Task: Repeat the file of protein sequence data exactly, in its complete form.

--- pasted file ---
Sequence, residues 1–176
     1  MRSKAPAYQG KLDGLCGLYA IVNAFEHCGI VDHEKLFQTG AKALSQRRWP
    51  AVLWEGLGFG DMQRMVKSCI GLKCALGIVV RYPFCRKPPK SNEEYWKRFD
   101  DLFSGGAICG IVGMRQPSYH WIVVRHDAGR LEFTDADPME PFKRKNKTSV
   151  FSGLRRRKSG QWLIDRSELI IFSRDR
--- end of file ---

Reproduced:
Sequence, residues 1–176
     1  MRSKAPAYQG KLDGLCGLYA IVNAFEHCGI VDHEKLFQTG AKALSQRRWP
    51  AVLWEGLGFG DMQRMVKSCI GLKCALGIVV RYPFCRKPPK SNEEYWKRFD
   101  DLFSGGAICG IVGMRQPSYH WIVVRHDAGR LEFTDADPME PFKRKNKTSV
   151  FSGLRRRKSG QWLIDRSELI IFSRDR